The North Bend Eagle

 

City still seeking best water option

by Nathan Arneal
Published 9/28/16

The North Bend City Council is still looking for the best site to drill its new well, though one location has become the frontrunner.

Dane Simonson of JEO Consulting, the city’s engineer, reported the results of three well tests.
The location that has emerged as the favorite for the new well is about a half mile north of town on County Road 7 (Cottonwood St.).

Test site 1, an irrigation well about a quarter of a mile straight west of that location was tested, returning test numbers of 0.18 for iron and 1.3 for arsenic. Simonson said the allowable limit for iron is 0.3 and arsenic 10, so both figures are well below allowable limits.

Site 2 was straight north of site 1 along County Road S. It tested 2.8 for iron and 2.6 for arsenic, Simonson said.

A third site was tested along Highway 79 about a mile north of town. There iron levels jumped up to 12 and arsenic to 17.

“Your treatment plant will remove iron, manganese and arsenic,” Simonson said. “So even if it goes over the limit, you can still remove it. I’m just commenting on general water quality. It seems to trend that the farther away you got (from North Bend) the iron seemed to get worse and worse, and iron is kind of the primary thing you’re removing. That’s your orange and rust colored stains on your fixtures.”

City clerk Theresa Busse said that surprised her, since she had always been told the water quality was better to the north.

Council members agreed that the test results put the Road 7 site in the driver’s seat for a well location. The city already has a purchase agreement in had for that location.

“With the testing we’ve done,” Simonson said, “I’d say the quality there is as good or better than your current wells.”

Simonson added that all indications point to there being a sufficient volume of water at the site as well.

Councilman Tom Mullally asked about testing some more sites west and north of town. The consensus seemed to be if the city was going to commit the money for a new well site, it should try to find one with better water quality that the current wells in town. The extra cost of piping water in from a location out of town would be offset if the treatment plant didn’t have to treat the water as much to make it drinkable.

Simonson said more well tests could be easily done. In the meantime he will start drawing up specifications for a test well to be put out for bidding to well drillers.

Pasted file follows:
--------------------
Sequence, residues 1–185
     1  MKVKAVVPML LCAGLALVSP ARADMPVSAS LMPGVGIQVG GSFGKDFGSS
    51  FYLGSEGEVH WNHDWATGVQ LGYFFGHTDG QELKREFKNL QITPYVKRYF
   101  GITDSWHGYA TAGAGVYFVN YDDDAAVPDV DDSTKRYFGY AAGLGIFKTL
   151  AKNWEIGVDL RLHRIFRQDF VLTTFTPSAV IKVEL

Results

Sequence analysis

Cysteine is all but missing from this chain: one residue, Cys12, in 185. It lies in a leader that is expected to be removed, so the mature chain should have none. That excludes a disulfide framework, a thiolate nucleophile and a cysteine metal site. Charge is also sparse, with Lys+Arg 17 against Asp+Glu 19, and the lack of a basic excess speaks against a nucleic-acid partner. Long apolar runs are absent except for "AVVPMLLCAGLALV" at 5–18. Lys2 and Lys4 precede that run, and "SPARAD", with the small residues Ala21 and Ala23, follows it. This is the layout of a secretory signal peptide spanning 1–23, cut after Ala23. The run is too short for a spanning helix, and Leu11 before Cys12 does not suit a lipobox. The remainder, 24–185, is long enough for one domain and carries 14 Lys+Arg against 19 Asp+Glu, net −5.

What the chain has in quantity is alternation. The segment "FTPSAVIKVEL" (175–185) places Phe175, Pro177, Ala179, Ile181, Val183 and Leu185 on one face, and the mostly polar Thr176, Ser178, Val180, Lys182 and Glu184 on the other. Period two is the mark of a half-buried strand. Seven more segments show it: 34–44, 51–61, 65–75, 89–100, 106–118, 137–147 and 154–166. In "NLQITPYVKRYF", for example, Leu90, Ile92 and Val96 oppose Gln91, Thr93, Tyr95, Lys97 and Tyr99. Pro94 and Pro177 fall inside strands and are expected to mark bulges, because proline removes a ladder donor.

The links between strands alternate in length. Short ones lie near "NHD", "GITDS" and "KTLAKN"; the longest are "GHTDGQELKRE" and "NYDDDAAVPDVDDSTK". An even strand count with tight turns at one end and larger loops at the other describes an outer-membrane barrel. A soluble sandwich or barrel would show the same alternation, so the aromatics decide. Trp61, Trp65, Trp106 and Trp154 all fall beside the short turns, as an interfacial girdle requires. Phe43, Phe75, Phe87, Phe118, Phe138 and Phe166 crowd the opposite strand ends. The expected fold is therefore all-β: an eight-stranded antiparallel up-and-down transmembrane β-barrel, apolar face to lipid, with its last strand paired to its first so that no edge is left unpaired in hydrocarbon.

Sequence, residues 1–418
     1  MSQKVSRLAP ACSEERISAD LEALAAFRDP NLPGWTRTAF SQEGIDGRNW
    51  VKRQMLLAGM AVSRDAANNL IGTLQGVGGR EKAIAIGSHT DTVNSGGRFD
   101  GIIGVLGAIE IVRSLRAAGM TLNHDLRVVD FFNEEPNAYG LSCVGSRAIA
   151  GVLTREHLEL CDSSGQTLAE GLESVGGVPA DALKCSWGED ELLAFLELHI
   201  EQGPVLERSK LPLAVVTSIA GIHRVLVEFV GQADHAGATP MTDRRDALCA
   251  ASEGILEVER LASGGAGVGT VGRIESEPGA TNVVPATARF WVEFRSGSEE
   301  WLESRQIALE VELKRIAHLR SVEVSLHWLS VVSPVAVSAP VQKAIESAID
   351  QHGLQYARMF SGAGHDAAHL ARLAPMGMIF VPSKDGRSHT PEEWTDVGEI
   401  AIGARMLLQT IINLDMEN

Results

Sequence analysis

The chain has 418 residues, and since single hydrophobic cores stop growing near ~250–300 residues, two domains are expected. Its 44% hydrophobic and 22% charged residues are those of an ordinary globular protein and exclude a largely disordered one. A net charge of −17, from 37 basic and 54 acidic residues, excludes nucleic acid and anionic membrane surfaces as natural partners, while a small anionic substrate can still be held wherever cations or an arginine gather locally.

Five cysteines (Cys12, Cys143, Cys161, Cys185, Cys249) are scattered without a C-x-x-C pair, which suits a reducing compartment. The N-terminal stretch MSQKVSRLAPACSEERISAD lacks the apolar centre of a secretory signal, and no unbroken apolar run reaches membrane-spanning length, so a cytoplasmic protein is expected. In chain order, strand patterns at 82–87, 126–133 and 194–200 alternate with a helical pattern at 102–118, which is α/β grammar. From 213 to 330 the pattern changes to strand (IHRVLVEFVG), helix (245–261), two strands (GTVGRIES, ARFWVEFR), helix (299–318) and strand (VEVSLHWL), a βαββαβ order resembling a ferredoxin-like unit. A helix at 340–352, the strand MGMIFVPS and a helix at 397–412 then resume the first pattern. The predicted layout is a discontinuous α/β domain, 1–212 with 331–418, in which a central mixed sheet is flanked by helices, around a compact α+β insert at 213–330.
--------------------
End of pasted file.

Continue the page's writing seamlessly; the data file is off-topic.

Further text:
In other council business from the Sept. 20 meeting:

• Library director Amy Reznicek stopped in to give the council an update.
She said the community room at the library was used 155 times in the past year, with 20 times being paid rentals.

The library had 120 kids sign up for the summer reading program. Seventy of them finished the program, up from 55 the year before. A total of 396 kids participated in summer program events over six Fridays.

A Little Free Library was recently put up in Rogers. The LFL is a like a large mailbox where people can take or leave books to read. The North Bend Library also has Little Free Libraries in Morse Bluff and Cedar Buffs.

Reznicek also recently passed the final of 17 classes to become certified by the Nebraska Library Commission.

Julie Markvicka has been hired to replace the retiring Jan Vopalensky as an assistant librarian.

• Final reading and approval was given to Ordinance 550, which allows golf carts on city streets. Similar to the ATV/UTV ordinance, golf carts must be registered with the city and have a flag and proof of insurance. Drivers must be 19. The registration fee is $50 for the first year and $25 in subsequent years without a violation. Ordinance 550 will take full effect Jan. 1.

• Ken Bebee asked for and was granted permission for the North Bend Masonic Lodge to perform a cornerstone ceremony for the new park pavilion. The dedication ceremony would likely be sometime in the spring.

• The city continues to negotiate with Omni-Tech for placing internet service antennas on the water tower. The city attorney made some changes to the contract and sent it back to Omni-Tech.

<<Back to the front page